Thinking About Disaster Relief Before the Disaster Hits

September 20th, 2010 | Uncategorized | 1 Comment »
The current Nonprofit Quarterly has an interesting article about innovative thinking happening at Southern Mutual Help Association, an organization based in rural Louisaiana directly hit by Katrina, about planning for disaster relief before the disaster happens.  Five years after Katrina, the Gulf Coast region continues to rebuild, and it continues to rely on financing and support raised in the aftermath of the storm to carry out those rebuilding efforts.But what if there were a tool to have funds and structures in place for disaster response before we even know what the specific disaster will be? Here at Jewish Funds for Justice, the Isaiah Fund happens to address some of those very issues, at it is structured to respond to long-term disaster recovery and rebuilding needs in low-income communities.  However Southern Mutual Help Association (SMHA), a JSFJ partner, grantee, and service site, has come up with an exciting proposal for a tool to address the issue.

In particular, Executive Director Lorna Bourg is advocating to Congress for the creation of a National Disaster Recovery Bond.  According to the Nonprofit Quarterly article,

This new investment vehicle would give people an opportunity to invest in bonds to support disaster relief, including money for redevelopment projects and funding for retiring home and business loans on homes and businesses that no longer exist after the disaster.  The latter is important and frequently undervalued in disaster relief.  How can homeowners and businesses take out very low cost loans to rebuild after disasters when they are already carrying mortgages or business loans for property and assets that might have been swept away by floods and storms?  Disaster relief funding has to enable people to clear the books on their debts rather than driving them into bankruptcy under the guise of offering loan funds for rebuilding.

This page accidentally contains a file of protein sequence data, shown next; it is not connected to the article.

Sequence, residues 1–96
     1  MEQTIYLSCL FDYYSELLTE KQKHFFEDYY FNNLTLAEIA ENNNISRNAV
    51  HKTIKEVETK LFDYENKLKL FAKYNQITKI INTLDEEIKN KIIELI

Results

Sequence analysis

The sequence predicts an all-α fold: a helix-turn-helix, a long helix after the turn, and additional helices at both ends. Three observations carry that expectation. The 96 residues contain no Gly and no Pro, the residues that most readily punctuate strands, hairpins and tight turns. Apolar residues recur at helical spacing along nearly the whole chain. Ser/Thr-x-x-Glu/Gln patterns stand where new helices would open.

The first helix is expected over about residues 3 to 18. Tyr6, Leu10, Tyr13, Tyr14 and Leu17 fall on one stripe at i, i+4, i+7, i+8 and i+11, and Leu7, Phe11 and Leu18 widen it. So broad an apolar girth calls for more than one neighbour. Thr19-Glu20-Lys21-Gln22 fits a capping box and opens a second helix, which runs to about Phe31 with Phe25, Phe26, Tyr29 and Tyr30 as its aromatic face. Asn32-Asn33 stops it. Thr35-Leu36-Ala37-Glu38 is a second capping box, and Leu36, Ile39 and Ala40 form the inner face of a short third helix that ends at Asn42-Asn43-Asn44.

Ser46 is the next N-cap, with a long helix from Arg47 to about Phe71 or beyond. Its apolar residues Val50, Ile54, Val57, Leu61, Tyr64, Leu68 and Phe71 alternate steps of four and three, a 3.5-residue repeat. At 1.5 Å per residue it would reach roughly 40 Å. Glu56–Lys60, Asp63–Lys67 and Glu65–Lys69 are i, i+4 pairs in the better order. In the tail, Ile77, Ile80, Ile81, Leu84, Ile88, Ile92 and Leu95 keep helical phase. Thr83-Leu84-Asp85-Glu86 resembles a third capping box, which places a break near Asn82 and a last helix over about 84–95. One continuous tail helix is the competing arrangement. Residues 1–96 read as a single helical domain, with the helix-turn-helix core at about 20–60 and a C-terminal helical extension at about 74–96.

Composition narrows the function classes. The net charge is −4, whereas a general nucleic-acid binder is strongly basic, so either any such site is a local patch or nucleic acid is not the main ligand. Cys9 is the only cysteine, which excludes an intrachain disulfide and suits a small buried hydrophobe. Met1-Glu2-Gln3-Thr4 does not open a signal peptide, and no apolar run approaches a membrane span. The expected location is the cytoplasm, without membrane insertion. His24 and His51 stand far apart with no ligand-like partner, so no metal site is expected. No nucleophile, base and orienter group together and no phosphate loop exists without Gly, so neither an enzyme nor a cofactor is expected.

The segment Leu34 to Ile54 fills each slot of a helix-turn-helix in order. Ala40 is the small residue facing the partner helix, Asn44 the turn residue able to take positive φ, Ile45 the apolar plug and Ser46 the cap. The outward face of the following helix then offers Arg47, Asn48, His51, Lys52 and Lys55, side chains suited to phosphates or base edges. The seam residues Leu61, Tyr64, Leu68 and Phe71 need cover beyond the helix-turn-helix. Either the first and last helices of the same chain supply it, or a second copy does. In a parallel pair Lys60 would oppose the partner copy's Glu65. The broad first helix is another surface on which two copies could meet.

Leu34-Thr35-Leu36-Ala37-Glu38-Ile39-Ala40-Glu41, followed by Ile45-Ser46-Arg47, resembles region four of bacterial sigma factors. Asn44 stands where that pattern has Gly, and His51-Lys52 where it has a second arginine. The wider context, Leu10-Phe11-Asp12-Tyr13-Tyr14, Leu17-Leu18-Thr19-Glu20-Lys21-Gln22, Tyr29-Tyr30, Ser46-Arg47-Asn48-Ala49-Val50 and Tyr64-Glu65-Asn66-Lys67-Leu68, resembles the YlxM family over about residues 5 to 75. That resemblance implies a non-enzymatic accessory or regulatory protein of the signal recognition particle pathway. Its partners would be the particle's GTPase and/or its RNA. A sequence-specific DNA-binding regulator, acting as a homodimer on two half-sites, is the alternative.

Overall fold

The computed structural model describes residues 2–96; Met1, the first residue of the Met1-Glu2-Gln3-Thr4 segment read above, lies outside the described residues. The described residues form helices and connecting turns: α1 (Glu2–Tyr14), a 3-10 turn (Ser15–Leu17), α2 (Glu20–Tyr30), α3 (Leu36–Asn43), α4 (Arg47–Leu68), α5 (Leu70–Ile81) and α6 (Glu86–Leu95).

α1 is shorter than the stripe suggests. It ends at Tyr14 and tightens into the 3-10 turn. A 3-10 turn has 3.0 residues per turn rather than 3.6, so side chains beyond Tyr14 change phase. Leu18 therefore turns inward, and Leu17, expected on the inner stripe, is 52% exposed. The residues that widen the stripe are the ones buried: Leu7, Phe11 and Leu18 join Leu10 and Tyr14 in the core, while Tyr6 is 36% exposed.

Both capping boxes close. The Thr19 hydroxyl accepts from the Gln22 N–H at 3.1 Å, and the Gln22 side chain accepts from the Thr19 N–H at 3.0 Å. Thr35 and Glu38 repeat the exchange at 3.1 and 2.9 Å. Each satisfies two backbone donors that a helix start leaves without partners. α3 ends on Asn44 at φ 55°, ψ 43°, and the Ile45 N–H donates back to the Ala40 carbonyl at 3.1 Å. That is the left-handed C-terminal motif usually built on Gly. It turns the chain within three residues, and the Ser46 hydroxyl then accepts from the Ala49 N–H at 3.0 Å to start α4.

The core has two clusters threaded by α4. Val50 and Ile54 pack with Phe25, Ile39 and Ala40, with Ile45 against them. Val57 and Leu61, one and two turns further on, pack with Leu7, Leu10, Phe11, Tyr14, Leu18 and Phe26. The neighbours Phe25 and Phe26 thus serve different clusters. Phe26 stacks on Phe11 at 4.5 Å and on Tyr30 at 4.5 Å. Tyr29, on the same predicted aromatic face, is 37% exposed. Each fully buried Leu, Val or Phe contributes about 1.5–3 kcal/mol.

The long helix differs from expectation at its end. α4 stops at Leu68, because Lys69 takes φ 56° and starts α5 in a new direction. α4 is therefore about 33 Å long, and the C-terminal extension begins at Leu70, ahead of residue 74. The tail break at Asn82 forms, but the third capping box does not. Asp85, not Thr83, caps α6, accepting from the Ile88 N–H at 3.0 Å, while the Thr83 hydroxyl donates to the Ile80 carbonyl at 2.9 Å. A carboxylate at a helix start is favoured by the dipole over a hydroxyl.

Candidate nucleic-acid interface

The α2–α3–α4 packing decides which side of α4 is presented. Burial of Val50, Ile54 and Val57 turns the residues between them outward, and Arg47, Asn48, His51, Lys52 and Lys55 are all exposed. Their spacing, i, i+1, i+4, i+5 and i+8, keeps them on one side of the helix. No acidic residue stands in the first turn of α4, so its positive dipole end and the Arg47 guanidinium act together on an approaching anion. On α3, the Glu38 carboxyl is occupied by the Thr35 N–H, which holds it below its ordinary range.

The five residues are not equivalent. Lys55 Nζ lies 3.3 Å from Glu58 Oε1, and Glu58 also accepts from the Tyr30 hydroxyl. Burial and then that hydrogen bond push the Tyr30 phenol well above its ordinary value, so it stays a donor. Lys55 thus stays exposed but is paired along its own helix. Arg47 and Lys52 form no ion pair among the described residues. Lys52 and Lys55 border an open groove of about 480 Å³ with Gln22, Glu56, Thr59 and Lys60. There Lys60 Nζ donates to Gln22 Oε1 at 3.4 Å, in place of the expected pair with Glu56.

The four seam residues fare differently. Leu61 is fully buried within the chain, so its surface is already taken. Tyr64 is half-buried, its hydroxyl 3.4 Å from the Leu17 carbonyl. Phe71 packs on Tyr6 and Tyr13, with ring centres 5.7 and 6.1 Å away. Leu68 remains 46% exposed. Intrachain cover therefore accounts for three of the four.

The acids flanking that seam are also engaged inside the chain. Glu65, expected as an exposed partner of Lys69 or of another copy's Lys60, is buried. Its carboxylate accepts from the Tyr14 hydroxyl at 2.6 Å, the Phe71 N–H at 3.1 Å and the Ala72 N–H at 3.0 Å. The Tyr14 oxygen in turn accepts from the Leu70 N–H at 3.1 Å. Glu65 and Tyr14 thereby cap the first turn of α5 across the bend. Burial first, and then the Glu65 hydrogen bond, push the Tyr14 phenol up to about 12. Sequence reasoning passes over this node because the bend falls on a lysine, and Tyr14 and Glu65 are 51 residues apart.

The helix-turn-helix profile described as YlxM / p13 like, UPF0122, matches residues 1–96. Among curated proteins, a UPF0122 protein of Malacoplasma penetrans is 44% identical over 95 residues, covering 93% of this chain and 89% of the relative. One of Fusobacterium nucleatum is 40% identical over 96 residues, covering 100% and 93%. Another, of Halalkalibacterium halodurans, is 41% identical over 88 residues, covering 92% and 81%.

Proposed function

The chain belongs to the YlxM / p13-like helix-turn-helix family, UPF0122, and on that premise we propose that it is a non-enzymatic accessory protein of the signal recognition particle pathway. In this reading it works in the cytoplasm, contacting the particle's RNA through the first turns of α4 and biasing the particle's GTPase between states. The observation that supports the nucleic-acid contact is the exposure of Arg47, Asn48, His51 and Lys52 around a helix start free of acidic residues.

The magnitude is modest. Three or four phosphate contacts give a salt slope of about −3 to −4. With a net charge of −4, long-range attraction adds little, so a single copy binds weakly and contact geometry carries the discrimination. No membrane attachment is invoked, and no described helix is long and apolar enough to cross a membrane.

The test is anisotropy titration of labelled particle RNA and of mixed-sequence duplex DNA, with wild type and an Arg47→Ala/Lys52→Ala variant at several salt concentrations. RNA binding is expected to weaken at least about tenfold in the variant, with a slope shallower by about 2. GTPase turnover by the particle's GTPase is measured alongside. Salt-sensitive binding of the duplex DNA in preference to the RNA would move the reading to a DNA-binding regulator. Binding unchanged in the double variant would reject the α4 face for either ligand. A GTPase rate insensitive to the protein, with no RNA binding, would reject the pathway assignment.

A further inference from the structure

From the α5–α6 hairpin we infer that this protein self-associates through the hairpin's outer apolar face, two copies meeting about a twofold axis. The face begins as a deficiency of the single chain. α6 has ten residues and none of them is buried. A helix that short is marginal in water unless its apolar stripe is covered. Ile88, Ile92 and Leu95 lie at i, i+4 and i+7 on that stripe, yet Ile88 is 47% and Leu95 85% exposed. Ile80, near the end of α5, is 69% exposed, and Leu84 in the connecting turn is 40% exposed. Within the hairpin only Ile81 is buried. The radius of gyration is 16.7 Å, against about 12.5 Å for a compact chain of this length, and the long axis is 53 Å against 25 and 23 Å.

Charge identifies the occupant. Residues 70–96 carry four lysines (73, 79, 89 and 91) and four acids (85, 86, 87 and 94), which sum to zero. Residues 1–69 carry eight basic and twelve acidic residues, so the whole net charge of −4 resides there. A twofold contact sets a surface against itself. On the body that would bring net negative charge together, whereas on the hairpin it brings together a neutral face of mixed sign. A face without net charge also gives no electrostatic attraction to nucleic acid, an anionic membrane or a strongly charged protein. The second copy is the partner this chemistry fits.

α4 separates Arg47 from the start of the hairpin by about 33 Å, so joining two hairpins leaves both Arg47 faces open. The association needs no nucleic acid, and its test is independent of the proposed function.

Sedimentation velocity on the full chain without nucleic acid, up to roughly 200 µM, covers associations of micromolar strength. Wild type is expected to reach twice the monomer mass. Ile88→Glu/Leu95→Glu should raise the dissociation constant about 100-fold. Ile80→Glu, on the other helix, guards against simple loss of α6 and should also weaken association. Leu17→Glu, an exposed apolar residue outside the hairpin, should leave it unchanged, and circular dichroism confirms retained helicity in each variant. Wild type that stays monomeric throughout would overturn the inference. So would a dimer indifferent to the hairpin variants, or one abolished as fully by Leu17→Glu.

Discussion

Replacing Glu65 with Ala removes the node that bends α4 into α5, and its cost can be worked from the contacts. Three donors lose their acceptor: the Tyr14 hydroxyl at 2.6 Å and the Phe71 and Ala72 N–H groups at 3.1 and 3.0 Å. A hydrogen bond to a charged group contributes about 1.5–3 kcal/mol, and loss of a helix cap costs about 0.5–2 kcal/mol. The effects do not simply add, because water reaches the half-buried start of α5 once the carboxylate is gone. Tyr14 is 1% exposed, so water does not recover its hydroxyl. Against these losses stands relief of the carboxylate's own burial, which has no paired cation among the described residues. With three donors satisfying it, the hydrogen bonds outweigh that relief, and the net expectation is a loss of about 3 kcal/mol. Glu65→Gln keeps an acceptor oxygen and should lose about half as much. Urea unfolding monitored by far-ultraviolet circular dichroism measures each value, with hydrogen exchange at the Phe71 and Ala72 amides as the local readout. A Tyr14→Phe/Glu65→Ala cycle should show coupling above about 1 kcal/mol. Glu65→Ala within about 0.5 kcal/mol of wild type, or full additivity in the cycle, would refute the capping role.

Generally, Congress comes up with disaster-specific bond programs, such as the Gulf Coast Recovery Bonds, typically for large-scale capital projects such as airports and hotels, not for homeowners and small businesses devastated by the catastrophe. For example, an October 2008 audit of Louisiana’s use of the Gulf Coast bonds revealed 105 approved projects, mostly office buildings, hotels, and retail businesses such as a Coca Cola bottling plant and a Marathon Oil refinery.   These disaster relief bond programs are authorizations to issue bonds to support specific big ticket projects, not to create a general funding pool for disaster relief geared to homeowners and small businesses.

We’ll see how this all plays out, but it’s heartening to see smart ideas like this one getting some attention.  Perhaps soon we’ll be able to purchase disaster relief bonds and know that our investments will be deployed to individuals who most need support when disaster strikes.

Laura Wintroub is Community Investment Officer at Jewish Funds for Justice. This post first appeared on

One Response

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